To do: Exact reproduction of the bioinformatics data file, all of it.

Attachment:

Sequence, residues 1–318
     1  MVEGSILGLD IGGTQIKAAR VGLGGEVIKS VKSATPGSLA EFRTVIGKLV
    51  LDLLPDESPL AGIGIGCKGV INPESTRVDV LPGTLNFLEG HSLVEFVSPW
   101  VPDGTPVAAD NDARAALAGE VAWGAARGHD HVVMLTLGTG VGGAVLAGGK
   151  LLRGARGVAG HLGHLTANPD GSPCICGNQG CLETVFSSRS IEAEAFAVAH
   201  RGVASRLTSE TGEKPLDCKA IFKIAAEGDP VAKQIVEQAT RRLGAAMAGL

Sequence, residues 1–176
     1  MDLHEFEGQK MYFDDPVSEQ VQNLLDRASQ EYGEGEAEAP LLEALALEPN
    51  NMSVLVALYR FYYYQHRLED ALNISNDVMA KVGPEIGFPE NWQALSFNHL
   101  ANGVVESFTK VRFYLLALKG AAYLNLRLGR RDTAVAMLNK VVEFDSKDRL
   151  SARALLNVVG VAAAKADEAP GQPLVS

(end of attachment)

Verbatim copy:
Sequence, residues 1–318
     1  MVEGSILGLD IGGTQIKAAR VGLGGEVIKS VKSATPGSLA EFRTVIGKLV
    51  LDLLPDESPL AGIGIGCKGV INPESTRVDV LPGTLNFLEG HSLVEFVSPW
   101  VPDGTPVAAD NDARAALAGE VAWGAARGHD HVVMLTLGTG VGGAVLAGGK
   151  LLRGARGVAG HLGHLTANPD GSPCICGNQG CLETVFSSRS IEAEAFAVAH
   201  RGVASRLTSE TGEKPLDCKA IFKIAAEGDP VAKQIVEQAT RRLGAAMAGL

Sequence, residues 1–176
     1  MDLHEFEGQK MYFDDPVSEQ VQNLLDRASQ EYGEGEAEAP LLEALALEPN
    51  NMSVLVALYR FYYYQHRLED ALNISNDVMA KVGPEIGFPE NWQALSFNHL
   101  ANGVVESFTK VRFYLLALKG AAYLNLRLGR RDTAVAMLNK VVEFDSKDRL
   151  SARALLNVVG VAAAKADEAP GQPLVS